How to Add a Magical Touch To Your Child’s Bedroom

Five words or less(NewsUSA) – From the tiniest of tots to tweens and teenagers, a child’s bedroom is a reflection of their identity. Kids often have strong opinions about their likes and dislikes when it comes to their rooms, which can pose decorating challenges for parents: one year, the little one is all about Winnie the Pooh; next Buzz Lightyear may capture his imagination. It’s hard for parents to keep up, let alone create an environment that reflects their children’s taste — and do so within a budget.
A solution can be found in a new collection of wallpapers, murals, borders and wall decals from Disney, the company that has brought beloved characters to life for generations. Best of all, this particular collection was created like building blocks that both capture the magic of the Disney Universe, and allow favorite characters to be added and subtracted according to a child’s changing whims.
The foundation of the collection is wallpaper, since nothing creates an environment more quickly and affordably than covering all four walls. Designed to remain relevant as the child grows, the wallpaper patterns feature enduring classic stripes, scrolls and geometric shapes in a range of soft pastels and rich, saturated colors. Certain patterns, such as a whimsical Mickey Mouse silhouette, are subtle and sophisticated interpretations of iconic Disney motifs that also work well in other rooms of the house.
Disney characters make wonderfully grand appearances on murals, borders and peel-and-stick wall decals. Borders and wall decals can layer on top of the coordinating wallpapers or stand on their own. Murals (starting at $149) are 6′ x 10′ and make a delightful decorating statement as a feature wall design. Versatile wall decals (starting at $12.99) can be repositioned, removed and reused and are great for toy chests, cabinets and headboards as well as walls. Adorable and affordable, they won’t break the bank when a new character strikes the child’s fancy.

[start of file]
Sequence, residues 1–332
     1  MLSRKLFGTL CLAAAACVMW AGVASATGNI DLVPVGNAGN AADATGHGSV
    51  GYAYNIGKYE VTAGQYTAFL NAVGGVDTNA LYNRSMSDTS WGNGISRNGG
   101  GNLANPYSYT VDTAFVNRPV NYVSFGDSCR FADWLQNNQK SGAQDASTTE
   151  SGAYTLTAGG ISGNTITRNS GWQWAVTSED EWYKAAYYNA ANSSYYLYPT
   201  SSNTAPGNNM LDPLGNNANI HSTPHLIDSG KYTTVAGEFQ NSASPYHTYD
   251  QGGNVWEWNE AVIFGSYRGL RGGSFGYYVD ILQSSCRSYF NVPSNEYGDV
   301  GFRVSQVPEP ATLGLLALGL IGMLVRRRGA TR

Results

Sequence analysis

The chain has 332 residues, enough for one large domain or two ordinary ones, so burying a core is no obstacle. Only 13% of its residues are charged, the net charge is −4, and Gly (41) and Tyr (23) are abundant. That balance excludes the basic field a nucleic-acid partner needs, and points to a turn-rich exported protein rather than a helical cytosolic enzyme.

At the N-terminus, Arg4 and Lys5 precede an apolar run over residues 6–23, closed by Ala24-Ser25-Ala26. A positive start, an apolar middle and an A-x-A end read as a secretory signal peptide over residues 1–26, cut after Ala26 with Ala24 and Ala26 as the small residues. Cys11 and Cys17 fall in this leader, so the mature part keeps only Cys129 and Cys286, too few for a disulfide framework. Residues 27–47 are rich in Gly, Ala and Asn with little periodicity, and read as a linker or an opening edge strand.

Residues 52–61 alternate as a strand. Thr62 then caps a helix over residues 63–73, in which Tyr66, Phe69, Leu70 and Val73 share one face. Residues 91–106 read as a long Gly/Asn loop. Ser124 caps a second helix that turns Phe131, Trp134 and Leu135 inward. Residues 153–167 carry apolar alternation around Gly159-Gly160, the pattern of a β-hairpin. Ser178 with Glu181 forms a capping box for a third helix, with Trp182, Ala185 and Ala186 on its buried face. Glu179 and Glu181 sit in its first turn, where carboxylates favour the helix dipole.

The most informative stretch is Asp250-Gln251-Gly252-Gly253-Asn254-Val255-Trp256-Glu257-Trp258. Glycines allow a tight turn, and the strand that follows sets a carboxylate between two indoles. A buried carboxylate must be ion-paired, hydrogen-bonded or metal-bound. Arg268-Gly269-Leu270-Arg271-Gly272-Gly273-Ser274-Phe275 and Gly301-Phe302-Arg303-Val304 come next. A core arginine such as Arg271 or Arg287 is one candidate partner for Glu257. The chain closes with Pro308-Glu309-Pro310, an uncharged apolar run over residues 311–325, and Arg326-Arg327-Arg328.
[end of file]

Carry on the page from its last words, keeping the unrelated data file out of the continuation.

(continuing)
Visit www.RoomMatesPeelandStick.com to view the Disney collection, order samples or purchase Disney wallpapers, wall decals and murals. The site also offers photos of decorated rooms with instructions on how to get the look.

"Sandwiched" Caring for Kids and Parents? Here’s Help!

Five words or less(NewsUSA) – On one hand, you have aging parents less able to care for themselves every day. On the other, your own children with schedules so difficult you can’t find a spare minute. And you’re caught in between.
You’re not alone. You’re part of the over 20 million Americans “sandwiched” in between generations, caring for both your own children and your parents.
As a “sandwiched” caregiver, you often bear the brunt of the financial and emotional strain that occurs when the needs of your aging parents must be balanced with those of your children.
If you are faced with this situation, an abundance of resources are available to help when you can’t always be there:
* Eldercare Services: The National Association of Area Agencies on Aging’s mission is to help older persons, and those with disabilities, live with dignity and choices in their own homes and communities as long as possible. A variety of tools may be found at www.n4a.org.
* Mom’s Meals: Mom’s Meals brings convenience and good nutrition to independent seniors by preparing, packaging and shipping fresh-made, ready-to-eat meals directly to a customer’s door. Whether still in their own home, homebound after a health crisis, or even in an assisted living facility, these meals are created by chefs and dietitians to meet the nutritional needs of seniors, and include options for low-sodium, low-fat or low-carb diets. Visit www.momsmeals.com or call 866-971-6667.
* National Association of Professional Geriatric Care Managers: Having difficulty assessing your parents’ medical needs and finances? Check out www.caremanager.org. It will help you identify local programs and services to meet those needs.